Filing 172

ORDER denying #124 Motion to Strike Expert Report. Signed by Judge Tanya S. Chutkan on 9/21/2016. (lctsc2)

Download PDF
UNITED STATES DISTRICT COURT FOR THE DISTRICT OF COLUMBIA AMERICAN SOCIETY FOR TESTING AND MATERIALS, et al., Plaintiffs, v. PUBLIC.RESOURCE.ORG, INC., Defendant. ) ) ) ) ) ) ) ) ) ) ) ) Case No. 13-cv-1215 (TSC) ORDER Defendant Public Resource moves to strike the expert report of John C. Jarosz (“Jarosz Report”) (ECF No. 118-12, Ex. 1) on the basis that it does not meet the requirements of Federal Rule of Evidence 702. The Jarosz Report is used primarily to support Plaintiffs’ economic arguments regarding the harm to their revenue and incentives if the court were to find that incorporation of their standards by reference into federal regulations revokes or destroys their copyrights, or Defendant was otherwise allowed to continue posting the standards on its website. For the reasons stated herein, Defendant’s motion is DENIED. A district court has “‘broad discretion in determining whether to admit or exclude expert testimony.’” United States ex rel. Miller v. Bill Harbert Int’l Constr., Inc., 608 F.3d 871, 895 (D.C. Cir. 2010) (quoting United States v. Gatling, 96 F.3d 1511, 1523 (D.C. Cir. 1996)). Under the Supreme Court’s decision in Daubert v. Merrell Dow Pharmaceuticals, Inc., 509 U.S. 579 (1993), this court is “required to address two questions, first whether the expert’s testimony is based on ‘scientific knowledge’ and second, whether the testimony ‘will assist the trier of fact to understand or determine a fact in issue.’” Meister v. Med. Eng’g Corp., 267 F.3d 1123, 1126 1 (D.C. Cir. 2001) (quoting Daubert, 509 U.S. at 592). Trial courts “act as gatekeepers who may only admit expert testimony if it is both relevant and reliable,” Heller v. D.C., 952 F. Supp. 2d 133, 139 (D.D.C. 2013), though this role is “significantly diminished” at the summary judgment stage, see Window Specialists, Inc. v. Forney Enters., Inc., 47 F. Supp. 3d 53, 60 (D.D.C. 2014). In determining whether to strike an expert report, the court’s focus is on whether the expert’s assumptions “amount to ‘rampant speculation’ and should be excluded” or “merely represent a weak factual basis for his testimony” which could be appropriately challenged on cross examination at trial. Boyar v. Korean Air Lines Co., Ltd., 954 F. Supp. 4, 7 (D.D.C. 1996). As the Court in Daubert instructed, “vigorous cross examination, presentation of contrary evidence, and careful instruction on the burden of proof are the traditional and appropriate means of attacking shaky but admissible evidence.” 509 U.S. at 596. Defendant argues that the scope of the Jarosz Report exceeds his expertise and that Jarosz improperly relied on factual information from Plaintiffs themselves, thus acting “as a mouthpiece.” (Def. Mem. at 6–7). Based on Jarosz’s education, publications, and participation as an expert in intellectual property infringement in hundreds of other cases, the court finds his expertise to be well established. While Defendant argues that Jarosz lacks both experience evaluating standards development organizations and independent knowledge of the development of those organizations’ standards and the process of incorporation by reference, the court concludes that such specialized personal knowledge is not required for an expert to be qualified to opine on the economic impact of copyright infringement. Additionally, based on the extensive number of deposition transcripts, documents, websites, publications, and data reviewed by Jarosz, his opinions are sufficiently supported. Defendant also argues that Jarosz made improper assumptions and failed to apply reliable 2 methodologies to the facts. Specifically, Defendant takes issue with Jarosz’s analysis involving the impact on revenue from the loss of copyright protection, the differences in harms relating to the standards in this case versus all of Plaintiffs’ standards generally, the potential impact that Plaintiffs’ reading rooms have on revenue, and the estimation of lost sales. Ultimately, Defendant appears to argue simply that different analyses would have resulted in an expert report more favorable to Defendant’s position. Defendant could have offered a rebuttal expert in response (and was in fact given time to do so by Magistrate Judge Robinson during discovery), but chose not to. However, the court will not strike an expert report simply because the expert did not rely on the particular assumptions or data Defendant thought was necessary. Those issues are more properly addressed through “vigorous cross-examination [and] presentation of contrary evidence.” Daubert, 509 U.S. at 596. Plaintiffs have sufficiently established that Jarosz has the experience and education necessary to be qualified as an expert in this case, and that the content of his testimony— applying general economic principles to the effects of copyright infringement of Plaintiffs’ standards—may “help the trier of fact.” See Fed. R. Evid. 702; Daubert, 509 U.S. at 588. Therefore, at this stage, the court will not take the unusual step of striking his report from consideration. Date: September 21, 2016 Tanya S. Chutkan TANYA S. CHUTKAN United States District Judge 3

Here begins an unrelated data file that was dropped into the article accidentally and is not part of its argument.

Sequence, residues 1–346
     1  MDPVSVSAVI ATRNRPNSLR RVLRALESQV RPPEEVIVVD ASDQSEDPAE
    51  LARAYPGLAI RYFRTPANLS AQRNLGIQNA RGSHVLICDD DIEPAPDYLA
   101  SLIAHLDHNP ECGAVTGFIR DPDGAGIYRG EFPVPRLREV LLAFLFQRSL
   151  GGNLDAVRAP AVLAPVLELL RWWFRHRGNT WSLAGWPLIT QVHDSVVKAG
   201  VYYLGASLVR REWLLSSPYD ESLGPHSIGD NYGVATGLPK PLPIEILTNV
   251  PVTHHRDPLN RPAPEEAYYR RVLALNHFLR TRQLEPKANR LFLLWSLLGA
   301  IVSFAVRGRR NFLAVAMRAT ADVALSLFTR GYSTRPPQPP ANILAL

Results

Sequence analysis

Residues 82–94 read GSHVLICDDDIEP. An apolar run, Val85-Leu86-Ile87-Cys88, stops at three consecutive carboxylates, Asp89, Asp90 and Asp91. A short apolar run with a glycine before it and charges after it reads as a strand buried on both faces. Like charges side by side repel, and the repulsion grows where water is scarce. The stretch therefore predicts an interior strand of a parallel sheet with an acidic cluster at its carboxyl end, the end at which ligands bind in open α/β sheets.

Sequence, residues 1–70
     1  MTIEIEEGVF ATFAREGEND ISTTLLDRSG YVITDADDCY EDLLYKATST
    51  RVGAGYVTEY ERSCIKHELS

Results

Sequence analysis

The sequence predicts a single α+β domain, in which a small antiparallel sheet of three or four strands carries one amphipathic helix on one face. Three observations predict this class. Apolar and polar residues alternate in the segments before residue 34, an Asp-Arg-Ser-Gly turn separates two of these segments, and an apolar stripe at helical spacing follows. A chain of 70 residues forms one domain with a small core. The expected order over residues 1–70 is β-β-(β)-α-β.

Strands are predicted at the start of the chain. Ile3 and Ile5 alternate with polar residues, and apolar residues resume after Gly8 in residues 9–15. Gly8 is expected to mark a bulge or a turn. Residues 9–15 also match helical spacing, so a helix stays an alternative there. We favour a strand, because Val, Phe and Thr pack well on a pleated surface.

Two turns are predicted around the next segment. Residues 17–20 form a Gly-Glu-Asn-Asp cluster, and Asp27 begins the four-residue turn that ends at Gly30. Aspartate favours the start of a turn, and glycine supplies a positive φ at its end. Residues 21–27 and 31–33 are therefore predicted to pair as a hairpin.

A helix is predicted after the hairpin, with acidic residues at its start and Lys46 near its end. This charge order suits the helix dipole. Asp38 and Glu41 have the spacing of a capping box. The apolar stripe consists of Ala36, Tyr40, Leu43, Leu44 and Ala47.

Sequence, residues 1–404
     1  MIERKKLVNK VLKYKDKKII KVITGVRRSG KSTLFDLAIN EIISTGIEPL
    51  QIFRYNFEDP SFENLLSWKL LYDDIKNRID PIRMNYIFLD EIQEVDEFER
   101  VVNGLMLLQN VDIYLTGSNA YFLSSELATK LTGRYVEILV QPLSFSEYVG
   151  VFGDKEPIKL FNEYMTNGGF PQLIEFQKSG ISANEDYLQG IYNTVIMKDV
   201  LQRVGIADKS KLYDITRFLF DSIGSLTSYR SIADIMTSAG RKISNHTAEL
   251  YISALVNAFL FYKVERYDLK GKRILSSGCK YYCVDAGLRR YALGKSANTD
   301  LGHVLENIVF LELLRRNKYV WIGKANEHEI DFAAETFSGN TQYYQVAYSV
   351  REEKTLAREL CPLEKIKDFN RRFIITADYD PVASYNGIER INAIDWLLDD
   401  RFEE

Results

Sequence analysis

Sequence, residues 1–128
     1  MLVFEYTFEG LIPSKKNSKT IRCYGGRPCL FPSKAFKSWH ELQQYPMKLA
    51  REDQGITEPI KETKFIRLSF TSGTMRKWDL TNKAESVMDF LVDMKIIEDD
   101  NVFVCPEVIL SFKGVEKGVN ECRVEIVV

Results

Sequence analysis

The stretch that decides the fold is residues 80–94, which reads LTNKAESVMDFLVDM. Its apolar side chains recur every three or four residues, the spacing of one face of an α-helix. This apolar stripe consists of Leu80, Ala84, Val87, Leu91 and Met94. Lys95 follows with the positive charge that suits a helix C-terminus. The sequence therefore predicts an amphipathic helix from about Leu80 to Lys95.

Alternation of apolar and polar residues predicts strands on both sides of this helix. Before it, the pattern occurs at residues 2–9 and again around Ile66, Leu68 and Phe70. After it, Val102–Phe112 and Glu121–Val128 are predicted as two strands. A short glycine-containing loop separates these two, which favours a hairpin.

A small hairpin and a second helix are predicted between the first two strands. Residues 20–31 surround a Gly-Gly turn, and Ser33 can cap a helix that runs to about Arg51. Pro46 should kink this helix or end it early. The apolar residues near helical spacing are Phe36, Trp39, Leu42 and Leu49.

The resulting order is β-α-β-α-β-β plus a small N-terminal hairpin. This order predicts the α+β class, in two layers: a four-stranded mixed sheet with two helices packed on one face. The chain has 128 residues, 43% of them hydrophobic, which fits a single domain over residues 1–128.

Disclaimer: Justia Dockets & Filings provides public litigation records from the federal appellate and district courts. These filings and docket sheets should not be considered findings of fact or liability, nor do they necessarily reflect the view of Justia.

Why Is My Information Online?